All of us who have loved ones in nursing homes are concerned about the staffing levels. We know that patients in an understaffed facility are more likely to suffer injuries because someone isn’t always available to help them when they want or need to move. There are more likely to be errors in dispensing medication. Patients are more likely to get bedsores because they aren’t turned or allowed to get up regularly.
It wasn’t until recently, thanks to the 2010 Affordable Care Act and the requirements for Medicare and Medicaid funding, that we got an accurate picture of nursing home staffing levels. The law mandates that information about the patient-staff ratio of facilities be obtained directly from payroll records. In the past, the information had been self-reported by the facilities, and numbers could easily be inflated. That and other helpful information is available on the Nursing Home Compare section of the Medicare.gov website.
This more accurate information led Medicare to lower its staffing-related ratings on about 9 percent of the nursing homes in the country. The payroll information, which reflects hourly staff only, showed that facilities had fewer nurses and aides than they’d been telling the government they had. In some cases, staffing levels fluctuated considerably throughout the week, with weekends particularly understaffed.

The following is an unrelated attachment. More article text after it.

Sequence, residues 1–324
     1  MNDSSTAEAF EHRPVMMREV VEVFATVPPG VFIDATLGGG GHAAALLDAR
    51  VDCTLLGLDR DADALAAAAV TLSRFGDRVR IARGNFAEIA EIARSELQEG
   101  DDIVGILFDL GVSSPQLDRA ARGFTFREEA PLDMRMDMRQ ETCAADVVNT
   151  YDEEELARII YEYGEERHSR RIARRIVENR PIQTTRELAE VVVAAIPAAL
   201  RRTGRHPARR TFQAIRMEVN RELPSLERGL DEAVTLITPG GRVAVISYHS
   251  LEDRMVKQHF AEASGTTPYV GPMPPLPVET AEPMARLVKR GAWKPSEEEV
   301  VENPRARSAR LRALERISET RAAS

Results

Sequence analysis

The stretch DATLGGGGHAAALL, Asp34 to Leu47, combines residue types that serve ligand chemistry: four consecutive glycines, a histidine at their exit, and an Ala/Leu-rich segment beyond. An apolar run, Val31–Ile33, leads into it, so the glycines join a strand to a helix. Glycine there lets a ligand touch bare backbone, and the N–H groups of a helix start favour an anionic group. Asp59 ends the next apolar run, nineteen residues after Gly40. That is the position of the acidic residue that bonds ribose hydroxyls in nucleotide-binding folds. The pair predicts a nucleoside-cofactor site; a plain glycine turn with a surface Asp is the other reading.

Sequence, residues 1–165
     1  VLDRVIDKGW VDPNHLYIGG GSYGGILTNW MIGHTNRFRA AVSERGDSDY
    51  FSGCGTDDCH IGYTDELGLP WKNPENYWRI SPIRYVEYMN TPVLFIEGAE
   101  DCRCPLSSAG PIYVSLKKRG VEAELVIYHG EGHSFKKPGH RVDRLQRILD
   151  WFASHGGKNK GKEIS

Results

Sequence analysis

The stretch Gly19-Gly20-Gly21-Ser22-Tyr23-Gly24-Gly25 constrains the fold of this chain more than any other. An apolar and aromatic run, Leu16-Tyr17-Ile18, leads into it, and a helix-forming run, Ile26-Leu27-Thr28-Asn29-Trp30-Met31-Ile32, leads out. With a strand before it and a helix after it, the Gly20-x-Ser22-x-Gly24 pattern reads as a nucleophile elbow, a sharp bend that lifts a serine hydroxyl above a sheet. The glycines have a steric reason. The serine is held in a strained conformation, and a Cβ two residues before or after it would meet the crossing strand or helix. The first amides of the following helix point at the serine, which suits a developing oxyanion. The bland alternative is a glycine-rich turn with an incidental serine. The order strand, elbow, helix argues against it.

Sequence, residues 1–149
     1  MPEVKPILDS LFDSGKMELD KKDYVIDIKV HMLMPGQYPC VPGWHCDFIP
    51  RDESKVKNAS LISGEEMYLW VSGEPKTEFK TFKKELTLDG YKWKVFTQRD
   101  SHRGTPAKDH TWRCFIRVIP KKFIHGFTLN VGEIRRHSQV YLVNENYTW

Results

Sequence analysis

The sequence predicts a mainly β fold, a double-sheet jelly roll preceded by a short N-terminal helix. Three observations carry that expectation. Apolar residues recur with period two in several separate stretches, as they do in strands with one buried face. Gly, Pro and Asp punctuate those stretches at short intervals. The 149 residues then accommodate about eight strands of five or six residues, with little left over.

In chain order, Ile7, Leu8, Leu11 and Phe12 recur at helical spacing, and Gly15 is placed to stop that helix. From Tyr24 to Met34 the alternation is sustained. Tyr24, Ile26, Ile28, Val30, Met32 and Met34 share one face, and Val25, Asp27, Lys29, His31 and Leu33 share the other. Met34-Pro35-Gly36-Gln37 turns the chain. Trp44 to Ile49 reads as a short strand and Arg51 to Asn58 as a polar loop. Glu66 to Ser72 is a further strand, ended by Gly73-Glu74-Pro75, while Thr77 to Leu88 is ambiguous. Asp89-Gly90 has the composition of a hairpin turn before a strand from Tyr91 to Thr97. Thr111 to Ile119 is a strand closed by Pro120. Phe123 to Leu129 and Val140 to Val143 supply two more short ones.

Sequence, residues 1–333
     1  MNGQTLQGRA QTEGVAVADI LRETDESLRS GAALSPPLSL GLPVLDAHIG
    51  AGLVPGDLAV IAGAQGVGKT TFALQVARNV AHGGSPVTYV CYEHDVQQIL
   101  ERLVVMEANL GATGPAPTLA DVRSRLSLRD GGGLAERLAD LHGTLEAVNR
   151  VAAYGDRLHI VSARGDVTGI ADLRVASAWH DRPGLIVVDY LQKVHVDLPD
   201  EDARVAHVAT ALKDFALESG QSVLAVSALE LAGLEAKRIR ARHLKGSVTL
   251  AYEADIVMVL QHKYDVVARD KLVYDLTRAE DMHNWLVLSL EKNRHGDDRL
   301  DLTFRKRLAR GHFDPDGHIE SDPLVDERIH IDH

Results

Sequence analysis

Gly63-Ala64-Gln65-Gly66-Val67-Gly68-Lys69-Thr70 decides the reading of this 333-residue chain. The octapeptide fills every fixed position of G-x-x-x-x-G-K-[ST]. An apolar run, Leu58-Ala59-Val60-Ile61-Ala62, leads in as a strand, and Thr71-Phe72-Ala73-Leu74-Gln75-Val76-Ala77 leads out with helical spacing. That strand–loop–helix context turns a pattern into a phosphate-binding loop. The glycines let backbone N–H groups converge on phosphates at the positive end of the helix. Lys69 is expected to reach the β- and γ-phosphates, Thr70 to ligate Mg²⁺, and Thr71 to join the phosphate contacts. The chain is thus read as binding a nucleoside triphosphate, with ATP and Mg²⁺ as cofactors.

While the government doesn’t mandate minimum overall staffing levels for nursing homes, Medicare does require that a registered nurse (RN) be on duty a minimum of eight hours a day. Unfortunately, according to a study by Kaiser Health News, the payroll data Medicare was receiving indicated that some nursing homes didn’t even meet that basic requirement for “a high number of days” or couldn’t show that they were meeting the requirement.
Interestingly, Kaiser’s study found that nonprofit nursing homes had better staffing than for-profit ones. There was a 16 percent difference, on average. The most significant difference was in the number of RNs.
Thanks to Nursing Home Compare and other resources, families have access to more (and more accurate) information about nursing homes than in the past. However, sadly, too many families don’t become aware of understaffing or other issues until a loved one is injured or becomes ill due to nursing home neglect or abuse. When that happens, you owe it to your loved ones and to other patients and families to hold the nursing home legally accountable for its actions or negligence.